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Ecological pyramids

  1. Dec 18, 2014 #1
    According to ecological pyramid of numbers there are far more producers than consumers.How?I mean nowadays human population has increased so much and deforestation is also taking place in spite of all these how producers are far ahead from consumers in terms of numbers?Have i interpreted ecological pyramid correctly?Is it correct that there are far more producers than consumers?
     
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  3. Dec 18, 2014 #2

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    Numbers? Or, mass?
     
  4. Dec 18, 2014 #3
    actually,both.
     
  5. Dec 18, 2014 #4

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    Compare numbers of blue whales to numbers of whatever little critters they consume, and then compare masses (total and individual) of blue whales to masses (total and individual) of critters.

    Compare numbers and masses of termites to numbers and masses of cellulose producing plants.

    Compare "consumption" in terms of mass consumed to mass of consumer per year. Can the consumers live on nothing if their total mass exceeds the mass of producers necessary to support that mass?
     
  6. Dec 18, 2014 #5
    I must mention it is not just mass it is biomass.So in terms of biomass and numbers.
     
  7. Dec 18, 2014 #6
    I am really not getting anything.Tomorrow is my test, can you please directly answer my question or make your point much clearer.I have to prepare for my test,there is no much time left.
     
  8. Dec 18, 2014 #7

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    Consumers can't eat food that isn't being produced. Consumer mass is never going to exceed producer mass.
     
  9. Dec 18, 2014 #8
    What's the difference between mass and biomass?
     
  10. Dec 18, 2014 #9

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    Biomass is any living (or once living) material derived originally from photosynthesis.
     
  11. Dec 18, 2014 #10
    If we talk about our mass ,is it greater or lesser than biomass?or just the same?i think mass is greater than biomass,as our mass include water which is not product of photosynthesis.right?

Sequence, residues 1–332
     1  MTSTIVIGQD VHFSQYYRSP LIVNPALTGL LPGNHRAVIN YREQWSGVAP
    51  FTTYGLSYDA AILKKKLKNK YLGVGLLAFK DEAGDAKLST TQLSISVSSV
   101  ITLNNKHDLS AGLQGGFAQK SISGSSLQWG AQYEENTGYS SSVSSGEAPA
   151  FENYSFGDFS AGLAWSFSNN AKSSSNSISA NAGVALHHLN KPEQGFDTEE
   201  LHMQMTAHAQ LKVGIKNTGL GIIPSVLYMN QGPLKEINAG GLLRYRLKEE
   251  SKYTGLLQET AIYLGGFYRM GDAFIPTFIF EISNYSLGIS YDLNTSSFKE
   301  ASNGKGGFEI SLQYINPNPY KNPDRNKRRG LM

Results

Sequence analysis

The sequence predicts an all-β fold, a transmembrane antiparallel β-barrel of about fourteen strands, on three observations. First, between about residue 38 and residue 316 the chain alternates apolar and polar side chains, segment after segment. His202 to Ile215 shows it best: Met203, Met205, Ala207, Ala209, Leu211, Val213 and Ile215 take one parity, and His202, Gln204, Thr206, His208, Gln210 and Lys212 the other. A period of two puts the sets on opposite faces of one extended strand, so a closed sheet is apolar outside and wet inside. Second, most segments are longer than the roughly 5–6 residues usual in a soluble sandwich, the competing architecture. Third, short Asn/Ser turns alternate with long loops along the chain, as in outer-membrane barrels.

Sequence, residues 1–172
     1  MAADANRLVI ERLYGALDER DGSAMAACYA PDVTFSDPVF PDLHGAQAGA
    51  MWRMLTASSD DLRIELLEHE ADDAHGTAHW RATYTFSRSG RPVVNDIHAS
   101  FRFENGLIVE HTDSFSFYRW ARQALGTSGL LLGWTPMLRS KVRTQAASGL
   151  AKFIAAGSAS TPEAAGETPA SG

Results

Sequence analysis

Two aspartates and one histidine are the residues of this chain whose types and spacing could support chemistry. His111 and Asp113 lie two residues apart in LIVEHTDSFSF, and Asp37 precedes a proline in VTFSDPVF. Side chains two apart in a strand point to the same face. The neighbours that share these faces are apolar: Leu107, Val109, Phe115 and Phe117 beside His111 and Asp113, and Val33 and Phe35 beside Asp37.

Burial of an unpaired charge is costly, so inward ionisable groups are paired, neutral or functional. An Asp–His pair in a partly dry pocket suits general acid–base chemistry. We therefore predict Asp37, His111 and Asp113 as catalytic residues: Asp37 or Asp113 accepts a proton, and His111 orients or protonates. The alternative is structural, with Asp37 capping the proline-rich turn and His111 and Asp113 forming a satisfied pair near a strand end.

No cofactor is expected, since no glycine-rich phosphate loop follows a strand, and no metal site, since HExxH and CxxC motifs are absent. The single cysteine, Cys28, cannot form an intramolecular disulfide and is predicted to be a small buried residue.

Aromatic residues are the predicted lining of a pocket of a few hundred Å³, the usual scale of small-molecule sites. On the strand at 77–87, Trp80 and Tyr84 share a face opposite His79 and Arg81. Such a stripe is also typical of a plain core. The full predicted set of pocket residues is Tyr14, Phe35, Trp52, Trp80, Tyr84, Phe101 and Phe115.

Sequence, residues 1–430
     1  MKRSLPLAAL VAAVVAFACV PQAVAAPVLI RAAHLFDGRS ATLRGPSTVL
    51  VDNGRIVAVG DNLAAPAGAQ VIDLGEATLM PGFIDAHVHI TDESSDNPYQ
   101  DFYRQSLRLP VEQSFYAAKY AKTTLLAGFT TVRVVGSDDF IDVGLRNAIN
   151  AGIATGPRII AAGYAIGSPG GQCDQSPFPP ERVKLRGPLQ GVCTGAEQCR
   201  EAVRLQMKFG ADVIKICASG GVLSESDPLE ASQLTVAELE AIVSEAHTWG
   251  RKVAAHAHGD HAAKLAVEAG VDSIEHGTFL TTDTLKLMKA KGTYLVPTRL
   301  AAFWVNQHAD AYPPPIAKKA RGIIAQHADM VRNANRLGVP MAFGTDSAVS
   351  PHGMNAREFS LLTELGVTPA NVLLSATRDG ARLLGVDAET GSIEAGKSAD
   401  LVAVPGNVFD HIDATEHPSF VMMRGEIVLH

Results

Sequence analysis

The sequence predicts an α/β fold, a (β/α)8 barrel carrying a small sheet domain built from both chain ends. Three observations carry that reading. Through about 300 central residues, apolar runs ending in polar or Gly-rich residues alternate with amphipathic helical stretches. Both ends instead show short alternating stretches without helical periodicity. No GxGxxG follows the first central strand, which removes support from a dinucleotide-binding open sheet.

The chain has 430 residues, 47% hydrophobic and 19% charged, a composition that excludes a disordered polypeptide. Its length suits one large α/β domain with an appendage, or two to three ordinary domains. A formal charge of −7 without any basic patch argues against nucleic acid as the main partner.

12. Dec 18, 2014 #11

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    The geochemical "rules of thumb" I learned measured "dry" mass, about 30 % of the mass of living organisms, or the actual organic material minus water. Different fields may look at total, organic mass plus water mass, but the ratios between producers and consumers will be very close to the same.
     
  13. Dec 18, 2014 #12
    ratio of what?
     
  14. Dec 18, 2014 #13

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    Masses, whether wet or dry. Hundred kilograms of producers support ten kilograms of consumers, for example , that's a fifty year old rule of thumb, so use whatever ratio is being used in your class.
     
  15. Dec 18, 2014 #14
    is dry mass and biomass same thing?
     
  16. Dec 18, 2014 #15
    Here supports mean?
     
  17. Dec 18, 2014 #16

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    Biomass is anything of biological origin. "Dry" biomass is about 30% of wet biomass or living biomass.
     
  18. Dec 18, 2014 #17

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    "To support," to feed, keep alive.
     
  19. Dec 18, 2014 #18
    wet biomass?I thought dry mass(or dry biomass ?)is mass excluding water .And biomass is anything we obtain from photosynthesis.As water is not obtained from photosynthesis ,i thought dry mass is just same as biomass.But what is wet biomass now?
     
  20. Dec 18, 2014 #19
    for how long?I mean we eat on daily basis so..................
     
  21. Dec 18, 2014 #20

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    Geochemists talk about "dry mass." I do not know whether biologists or other life scientists define biomass as being "wet" or "dry." The grass that grows in the sun is biomass. The cow that eats the grass is biomass. The people who eat the cow are biomass.


    You will eat between two and three times your mass per year depending upon your activity level.
     
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